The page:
Sarah Jessica Parker played Carrie Bradshaw for six seasons of "Sex and the City" and in two subsequent films, but doesn't seem to be thrilled about the newest incarnation of the character.
In an interview with Net-a-Porter's The Edit, Parker was asked how she felt about another actress playing Carrie on the CW's prequel series, "The Carrie Diaries."
"I'm not sure...You know, I think it's one of those things that tests your generosity," she replied. "She [AnnaSophia Robb] is a lovely girl and I want her to feel good about it, but it's...odd."
Parker, 47, also told the magazine she believes "Sex and the City" (and her role as a producer on the show) paved the way for Lena Dunham and "Girls."
"HBO was very encouraging of the beyond-camera role I played, and I feel that had we not done it, I don't know that would have existed for 'Girls.' It's a such a different way of thinking and it's not conventional," she explained. "I also think [Dunham] came along understanding her voice and with the support of a producing partner [Judd Apatow] experienced enough to say she is capable of this, she needs to be in charge of the story as it's her voice. I do feel 'Sex and the City's' success made that possible, and it would have been different otherwise."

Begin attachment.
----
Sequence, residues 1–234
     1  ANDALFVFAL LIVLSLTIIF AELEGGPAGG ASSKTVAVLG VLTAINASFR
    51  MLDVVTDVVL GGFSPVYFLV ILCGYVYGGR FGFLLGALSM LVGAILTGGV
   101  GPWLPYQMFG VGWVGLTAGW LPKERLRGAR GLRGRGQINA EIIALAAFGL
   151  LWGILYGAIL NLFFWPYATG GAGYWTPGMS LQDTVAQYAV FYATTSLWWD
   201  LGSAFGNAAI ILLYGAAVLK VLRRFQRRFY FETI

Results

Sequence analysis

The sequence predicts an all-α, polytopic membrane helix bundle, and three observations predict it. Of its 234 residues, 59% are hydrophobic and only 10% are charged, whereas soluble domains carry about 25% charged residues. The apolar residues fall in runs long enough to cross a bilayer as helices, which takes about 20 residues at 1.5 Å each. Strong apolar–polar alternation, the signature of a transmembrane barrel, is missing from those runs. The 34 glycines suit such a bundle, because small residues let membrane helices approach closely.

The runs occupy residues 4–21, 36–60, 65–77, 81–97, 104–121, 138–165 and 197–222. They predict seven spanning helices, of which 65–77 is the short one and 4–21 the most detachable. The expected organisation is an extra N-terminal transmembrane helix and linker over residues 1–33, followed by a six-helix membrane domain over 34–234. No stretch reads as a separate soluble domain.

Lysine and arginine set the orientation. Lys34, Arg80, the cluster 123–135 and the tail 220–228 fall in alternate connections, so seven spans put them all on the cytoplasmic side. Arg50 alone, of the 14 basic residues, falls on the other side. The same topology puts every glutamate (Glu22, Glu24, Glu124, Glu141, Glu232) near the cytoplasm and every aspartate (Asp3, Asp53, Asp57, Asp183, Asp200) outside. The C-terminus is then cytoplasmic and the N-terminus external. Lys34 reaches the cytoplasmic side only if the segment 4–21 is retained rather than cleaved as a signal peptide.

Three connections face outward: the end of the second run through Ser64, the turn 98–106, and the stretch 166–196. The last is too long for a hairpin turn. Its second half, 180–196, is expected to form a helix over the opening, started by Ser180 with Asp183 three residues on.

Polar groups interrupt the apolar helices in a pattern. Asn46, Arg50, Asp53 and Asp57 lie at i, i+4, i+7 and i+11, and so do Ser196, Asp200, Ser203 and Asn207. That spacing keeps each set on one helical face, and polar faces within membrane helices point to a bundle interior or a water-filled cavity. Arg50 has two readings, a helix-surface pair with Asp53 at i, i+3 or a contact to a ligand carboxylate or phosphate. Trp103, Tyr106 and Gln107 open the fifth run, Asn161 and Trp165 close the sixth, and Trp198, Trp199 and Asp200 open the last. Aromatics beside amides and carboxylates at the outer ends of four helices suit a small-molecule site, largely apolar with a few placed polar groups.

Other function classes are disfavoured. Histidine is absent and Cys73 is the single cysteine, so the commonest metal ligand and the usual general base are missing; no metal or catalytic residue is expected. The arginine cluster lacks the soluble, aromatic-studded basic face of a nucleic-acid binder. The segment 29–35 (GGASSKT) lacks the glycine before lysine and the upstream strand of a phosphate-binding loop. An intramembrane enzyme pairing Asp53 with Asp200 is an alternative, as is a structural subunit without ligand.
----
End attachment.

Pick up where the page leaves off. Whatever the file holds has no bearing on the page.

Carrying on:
The actress also shared that the years spent shooting "Sex and the City" had a lasting effect on her -- and her feet, in particular.
"For 10 or so years, I literally ran in heels. I worked 18-hour days and never took them off. I wore beautiful shoes, some better made than others, and never complained," she told The Edit. "But then I did 'I Don't Know How She Does It,' and I was very thoughtful about my whole wardrobe and said, you know, [Kate Reddy] could not afford really good footwear. So I got [lower priced] shoes and the bottoms weren't leather, they were plastic, so I slipped a couple times, twisted my ankle. I went to a foot doctor and he said, 'Your foot does things it shouldn't be able to do. That bone there...You've created that bone. It doesn't belong there.'"
She continued, "The moral of the story is, the chickens are coming home to roost. It's sad, because my feet took me all over the world, but eventually they were like, 'You know what, we are really tired, can you just stop -- and don't put cheap shoes on us?'"